At the Porembas’ house we kneel in front of the fire: Al, Sarah, Bex and her daughter Holly – bare dancing feet and the swirl of her new Christmas dress. We are stoning sloe berries, pulling out the hard nut inside and saving the flesh, and our fingers are stained purple. Hol presses a sticker of a boy to the leg of my jeans, and here he is, stuck into my notebook next to my written words.
In Barter Books one day with Sarah, there is the smell of coffee and woodsmoke. A postcard hidden inside a paperback book, addressed to someone unknown in Haddington, the Border village next to my grandparents’ old house.
Low Newton with Laura, talking about our lives in France and London. There are wet dogs sprawled on the floor of the pub and the stars are out as we climb the hill afterwards. Later, as I run around Alnwick, the wind is strong and the streets are dark but as I turn the corner there are lights in the trees along Baliffgate and I remember a night a year ago.
Mollie and Erica I have lunch one day and it is good to see their faces, to catch up their first terms at university and the gossip from the town.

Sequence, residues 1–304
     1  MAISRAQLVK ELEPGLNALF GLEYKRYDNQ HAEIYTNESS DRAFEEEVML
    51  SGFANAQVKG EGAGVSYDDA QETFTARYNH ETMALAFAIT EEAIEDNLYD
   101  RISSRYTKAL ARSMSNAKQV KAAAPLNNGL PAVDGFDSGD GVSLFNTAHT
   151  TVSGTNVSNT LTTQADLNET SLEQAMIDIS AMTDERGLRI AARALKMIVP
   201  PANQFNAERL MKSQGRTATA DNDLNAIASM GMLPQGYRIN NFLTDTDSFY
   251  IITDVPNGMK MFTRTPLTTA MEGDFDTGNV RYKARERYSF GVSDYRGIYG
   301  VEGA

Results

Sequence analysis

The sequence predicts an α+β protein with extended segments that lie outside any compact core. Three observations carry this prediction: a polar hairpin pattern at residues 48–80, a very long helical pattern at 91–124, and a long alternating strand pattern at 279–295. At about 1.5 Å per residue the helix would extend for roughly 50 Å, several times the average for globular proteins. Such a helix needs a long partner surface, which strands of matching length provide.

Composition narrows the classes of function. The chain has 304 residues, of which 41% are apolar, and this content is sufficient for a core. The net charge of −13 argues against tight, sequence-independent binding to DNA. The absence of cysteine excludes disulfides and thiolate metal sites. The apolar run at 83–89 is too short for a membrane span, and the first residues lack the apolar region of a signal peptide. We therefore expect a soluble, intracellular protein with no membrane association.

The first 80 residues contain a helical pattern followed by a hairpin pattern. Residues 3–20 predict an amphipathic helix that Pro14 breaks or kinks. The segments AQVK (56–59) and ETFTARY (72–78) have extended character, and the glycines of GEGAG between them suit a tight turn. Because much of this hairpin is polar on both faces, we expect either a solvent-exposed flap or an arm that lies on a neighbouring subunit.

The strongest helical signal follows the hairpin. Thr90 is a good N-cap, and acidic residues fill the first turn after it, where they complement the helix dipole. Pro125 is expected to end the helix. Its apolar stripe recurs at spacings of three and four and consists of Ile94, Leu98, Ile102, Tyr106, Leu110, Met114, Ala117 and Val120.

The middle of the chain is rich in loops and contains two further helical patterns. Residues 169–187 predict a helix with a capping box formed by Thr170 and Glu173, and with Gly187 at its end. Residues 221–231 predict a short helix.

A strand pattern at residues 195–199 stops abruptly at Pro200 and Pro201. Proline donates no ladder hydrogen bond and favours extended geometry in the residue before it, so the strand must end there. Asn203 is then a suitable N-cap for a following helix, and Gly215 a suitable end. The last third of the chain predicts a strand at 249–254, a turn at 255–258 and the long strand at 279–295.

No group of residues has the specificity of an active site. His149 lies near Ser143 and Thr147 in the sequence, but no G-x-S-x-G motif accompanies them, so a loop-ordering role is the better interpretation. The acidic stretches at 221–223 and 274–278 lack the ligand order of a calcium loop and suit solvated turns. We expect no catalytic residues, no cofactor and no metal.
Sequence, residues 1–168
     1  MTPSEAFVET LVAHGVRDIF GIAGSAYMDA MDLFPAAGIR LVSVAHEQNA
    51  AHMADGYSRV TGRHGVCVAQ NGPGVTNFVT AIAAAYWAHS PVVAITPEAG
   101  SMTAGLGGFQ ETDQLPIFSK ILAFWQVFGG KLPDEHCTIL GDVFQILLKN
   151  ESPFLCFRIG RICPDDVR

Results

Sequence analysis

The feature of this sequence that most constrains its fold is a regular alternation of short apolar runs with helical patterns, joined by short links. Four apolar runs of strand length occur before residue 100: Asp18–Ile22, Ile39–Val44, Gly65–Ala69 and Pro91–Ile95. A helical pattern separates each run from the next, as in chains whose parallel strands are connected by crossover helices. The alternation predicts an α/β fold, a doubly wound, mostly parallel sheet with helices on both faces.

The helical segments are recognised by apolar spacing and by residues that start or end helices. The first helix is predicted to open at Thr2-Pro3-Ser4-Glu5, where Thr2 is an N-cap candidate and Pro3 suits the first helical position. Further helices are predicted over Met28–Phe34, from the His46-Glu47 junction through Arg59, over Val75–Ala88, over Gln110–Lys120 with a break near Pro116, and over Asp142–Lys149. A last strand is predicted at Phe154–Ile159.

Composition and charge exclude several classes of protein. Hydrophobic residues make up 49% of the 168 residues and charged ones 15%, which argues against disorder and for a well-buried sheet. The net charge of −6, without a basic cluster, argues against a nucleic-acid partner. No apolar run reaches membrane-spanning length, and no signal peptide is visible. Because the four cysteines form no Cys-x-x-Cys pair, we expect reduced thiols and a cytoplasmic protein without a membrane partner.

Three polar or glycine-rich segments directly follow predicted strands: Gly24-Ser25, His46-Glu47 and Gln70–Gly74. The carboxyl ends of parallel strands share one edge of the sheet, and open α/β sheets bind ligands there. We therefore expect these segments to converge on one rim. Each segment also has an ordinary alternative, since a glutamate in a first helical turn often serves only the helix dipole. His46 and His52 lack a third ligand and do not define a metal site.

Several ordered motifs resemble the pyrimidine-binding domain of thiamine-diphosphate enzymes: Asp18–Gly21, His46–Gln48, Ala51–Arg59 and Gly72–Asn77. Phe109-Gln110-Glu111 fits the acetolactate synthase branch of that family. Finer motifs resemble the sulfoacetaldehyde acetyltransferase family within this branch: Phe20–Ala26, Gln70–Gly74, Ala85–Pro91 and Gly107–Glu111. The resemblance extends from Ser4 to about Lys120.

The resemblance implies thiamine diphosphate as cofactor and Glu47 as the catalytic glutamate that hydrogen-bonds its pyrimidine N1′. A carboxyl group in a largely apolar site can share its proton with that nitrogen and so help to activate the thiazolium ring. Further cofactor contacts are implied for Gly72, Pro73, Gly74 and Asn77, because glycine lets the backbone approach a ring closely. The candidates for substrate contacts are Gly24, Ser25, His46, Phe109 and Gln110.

I walk to a friends’ house with my parents and as we go up through the fields, the village falls behind and beneath us. It is great to see them and to see the change in a year from empty rooms and bare walls to a retreat that is still and quiet with views to the sea. They have pigs in the field: three Tamworths who root through the earth – strong, hot, hairy bodies that lean their weight against my legs.
On the last day of the year, Al and I run around the fields and along the river. There is a brisk sideways wind and the sun burns low and cold in the clouds.
The New Year’s Eve party is gold and glittery, false moustaches and shouted toasts. Turquoise of Ruth’s dress and the faces of her uni boys. We stand out under the stars and inside there are lights and music and bodies dancing barefoot on the kitchen floor.